Cornwall Council alcohol strategy targets young people
About 20,000 people are addicted to alcohol in Cornwall, according to figures released by the council.
Launching a new alcohol strategy, Cornwall Council said about a quarter of the county's 500,000 population was putting itself "at risk".
As part of its alcohol awareness week, it has been focussing on children.
Secondary schools and colleges are being encouraged get young people talking about their alcohol use and the impact of parental drinking.
"Today's generation of children are increasingly repeating worrying patterns of drinking, leading to damaging health and social consequences for them, their friends and their families," Jez Bayes, the council's strategy lead, said.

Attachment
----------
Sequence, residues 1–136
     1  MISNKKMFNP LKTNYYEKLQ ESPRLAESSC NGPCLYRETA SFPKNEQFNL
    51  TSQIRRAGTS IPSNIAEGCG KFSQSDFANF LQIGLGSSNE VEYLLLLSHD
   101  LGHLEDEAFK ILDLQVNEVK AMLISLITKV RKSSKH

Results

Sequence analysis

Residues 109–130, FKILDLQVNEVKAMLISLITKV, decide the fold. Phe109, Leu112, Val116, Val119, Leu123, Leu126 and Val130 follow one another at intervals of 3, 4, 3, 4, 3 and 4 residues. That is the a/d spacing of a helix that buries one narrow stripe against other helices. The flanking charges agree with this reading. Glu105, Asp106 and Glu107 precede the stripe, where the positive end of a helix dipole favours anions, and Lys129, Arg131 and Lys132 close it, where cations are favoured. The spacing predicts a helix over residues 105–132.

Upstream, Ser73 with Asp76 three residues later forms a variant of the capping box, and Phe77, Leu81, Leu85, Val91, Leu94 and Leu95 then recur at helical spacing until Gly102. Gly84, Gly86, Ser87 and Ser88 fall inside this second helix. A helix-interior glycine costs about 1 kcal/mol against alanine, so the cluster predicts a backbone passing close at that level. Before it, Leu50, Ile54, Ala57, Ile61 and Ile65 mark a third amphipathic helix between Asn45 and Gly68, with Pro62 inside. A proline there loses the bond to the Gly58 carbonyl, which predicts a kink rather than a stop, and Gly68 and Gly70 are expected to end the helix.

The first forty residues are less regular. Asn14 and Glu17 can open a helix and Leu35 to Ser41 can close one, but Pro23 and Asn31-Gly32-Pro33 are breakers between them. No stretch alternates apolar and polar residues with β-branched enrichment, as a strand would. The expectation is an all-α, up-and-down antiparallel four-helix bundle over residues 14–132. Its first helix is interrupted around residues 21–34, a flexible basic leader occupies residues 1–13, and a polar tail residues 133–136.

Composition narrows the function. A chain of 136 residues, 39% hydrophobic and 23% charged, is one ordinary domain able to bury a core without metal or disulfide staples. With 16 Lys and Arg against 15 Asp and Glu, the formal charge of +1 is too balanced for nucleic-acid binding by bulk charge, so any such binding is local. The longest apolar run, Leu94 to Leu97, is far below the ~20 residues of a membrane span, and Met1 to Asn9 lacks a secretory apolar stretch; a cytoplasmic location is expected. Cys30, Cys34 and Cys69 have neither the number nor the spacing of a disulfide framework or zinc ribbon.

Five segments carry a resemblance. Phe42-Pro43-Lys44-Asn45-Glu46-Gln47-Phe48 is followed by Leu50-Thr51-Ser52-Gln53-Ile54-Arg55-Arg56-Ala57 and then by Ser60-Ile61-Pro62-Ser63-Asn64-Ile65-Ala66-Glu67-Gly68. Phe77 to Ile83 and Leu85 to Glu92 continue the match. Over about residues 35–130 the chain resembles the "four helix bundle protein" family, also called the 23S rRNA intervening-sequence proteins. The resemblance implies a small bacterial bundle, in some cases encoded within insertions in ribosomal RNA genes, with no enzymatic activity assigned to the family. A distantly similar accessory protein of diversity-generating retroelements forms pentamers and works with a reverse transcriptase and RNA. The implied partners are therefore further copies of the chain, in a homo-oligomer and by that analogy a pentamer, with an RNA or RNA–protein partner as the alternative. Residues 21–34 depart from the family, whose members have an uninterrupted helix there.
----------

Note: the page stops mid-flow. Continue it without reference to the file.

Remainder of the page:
"Without effective prevention and intervention, this harmful pattern will become a normal part of their everyday lives."
Devon and Cornwall Police said buying alcohol for a child under the age of 18, other than for responsible home use, can carry a maximum £5,000 fine.
The council's strategy is supported by Cornwall Drug and Alcohol Action Team, Cornwall NHS, Newquay Safe Partnership, and Cornwall Community Safety Partnership.
The government's recommended maximum daily guidelines are two to three units of alcohol for an adult woman and three to four units for an adult man.
One unit is about half a pint of beer or a single measure of spirits. A small glass of wine has one-and-a-half units.
Binge drinking, which is most commonly association with young people, has been defined as drinking double the daily recommended units.